LONDON LOCKDOWN: How my three children are coping
MY THREE grown-up children live in London.
Daniel, 31, Nina, 28 and Harry, 22, are each dealing with the national coronavirus lockdown in their own way.
Harry has stocked up on giant jars of Nutella, Nina is learning to sew and play guitar while in isolation and Dan is continuing his business from home.
We connect via the Zoom app, where I see them on screen at the same time.
We sing our favourite songs, share meals together and generally act silly.
We are connecting. More than ever.
Still, I wish they were home. Closer. They are my children after all.
Here's a description of what the London lockdown is like for Nina.
I LIVE in a big old house in London with two septuagenarians, a twenty-one year old student and my boyfriend.
We are taking the best measures we can to protect the older generation which means to isolate in solidarity even though we'd love to be out helping.
I work in fashion and my industry shut down mid-March so I haven't worked since the March 10 or caught public transport since the March 12.
Fortunately, the UK has pledged to pay 80% of affected worker's wages during this time.
We are still waiting on an order of soaps and hand sanitisers from two weeks ago.
Five of my friends have reported symptoms so far, none critical.
I limit my outdoor activity to running once a day and buying food from the shop across the road.
London went into official lockdown on Monday, March 23 and I have been exclusively at home since then.
One week ago, a member of my household showed symptoms, so was confined to her room for seven days while we left meals and books outside her door.
This means two weeks in for the rest of us, in case we are carrying.
Britain's lockdown regulations are staying home except for buying medicine, food and going to work (for healthcare or essential workers only).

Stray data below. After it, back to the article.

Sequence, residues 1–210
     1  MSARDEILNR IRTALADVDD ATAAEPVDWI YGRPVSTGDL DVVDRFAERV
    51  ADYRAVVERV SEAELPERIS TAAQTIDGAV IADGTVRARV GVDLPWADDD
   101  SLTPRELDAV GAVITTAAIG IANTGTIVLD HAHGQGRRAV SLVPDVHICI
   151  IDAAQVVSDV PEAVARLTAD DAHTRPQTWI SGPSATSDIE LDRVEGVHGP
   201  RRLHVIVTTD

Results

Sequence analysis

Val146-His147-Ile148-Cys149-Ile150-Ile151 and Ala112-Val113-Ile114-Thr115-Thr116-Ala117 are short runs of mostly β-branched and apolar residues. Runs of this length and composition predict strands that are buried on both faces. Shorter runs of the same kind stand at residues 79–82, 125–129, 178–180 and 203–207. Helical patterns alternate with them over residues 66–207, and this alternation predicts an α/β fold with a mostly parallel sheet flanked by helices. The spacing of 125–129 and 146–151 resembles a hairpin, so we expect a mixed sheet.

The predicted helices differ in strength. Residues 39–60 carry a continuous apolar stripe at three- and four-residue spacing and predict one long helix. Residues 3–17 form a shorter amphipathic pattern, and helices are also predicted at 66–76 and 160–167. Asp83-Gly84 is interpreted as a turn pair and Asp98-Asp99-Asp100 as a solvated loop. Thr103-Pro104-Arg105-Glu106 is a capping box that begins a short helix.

We can also exercise for one hour per day, alone or with a member of our household. It is recommended we stay 2m apart when outside and police have the power to disperse and fine groups of more than two.
London prides itself on its convenience and with small storage spaces for food, we get used to buying things when we need them.
This has been a return to planning ahead, always soaking or prepping elements of the next meal.
We are getting through the frozen and tinned food and glad to have topped up jars of nuts, chick peas, lentils, pasta and flours.
A friend has just brought around some medication and fresh vegetables and a mobile zero-waste van will be coming to our street this week.
The effects of any food shortages have not been felt in our household yet although rice is getting hard to find.
We take shifts in the kitchen and are lucky enough to have multiple bathrooms, plenty of windows and a long garden.
I do yoga and meditate outside in the mornings. Its spring, and the garden is beginning to bloom.
This year we've built vegetable beds for the first time and my seedlings are waking up by a sunny window inside.
Sometimes we lose track of which day it is. It's a fine balance to choose the right sources and stay informed while also preserving mental health.
The internet has been funnier, kinder and more inventive.
There are galleries, museums, theatres and studios all over the world that have opened their virtual doors.
Free classes have been offered on every possible topic; I'm halfway through An Introduction to Aquatic Mammals.
I've had the time to read more, practice a few bar chords, draw and learn to sew.
And I've spoken to my family and closest friends on the phone more than I normally do.
My thoughts go out to those who have lost loved ones, the critically ill and their families, the brave medical staff of our exhausted public healthcare system and the families waiting at home for them, the teachers continuing to run schools for children of healthcare workers, the growers and delivery drivers working around the clock to feed us and particularly our most vulnerable members of society; at home but not safe or without homes at all, for whom this crisis will hit hardest.
I hope this pause in our busy reality will change us for the better. I feel lucky every day. There is a more tangible sense of community now.
People have mobilised with the resources they have; from neighbours shopping for those who are isolated to groups making home cooked meals and sewing scrubs for hospitals.
Over half a million have offered their help to the NHS.
On Thursday, from windows and doorways all over London, we applauded our medical staff. In what's been a silent city of late, the sound of millions clapping hung over us, alone, together, grateful.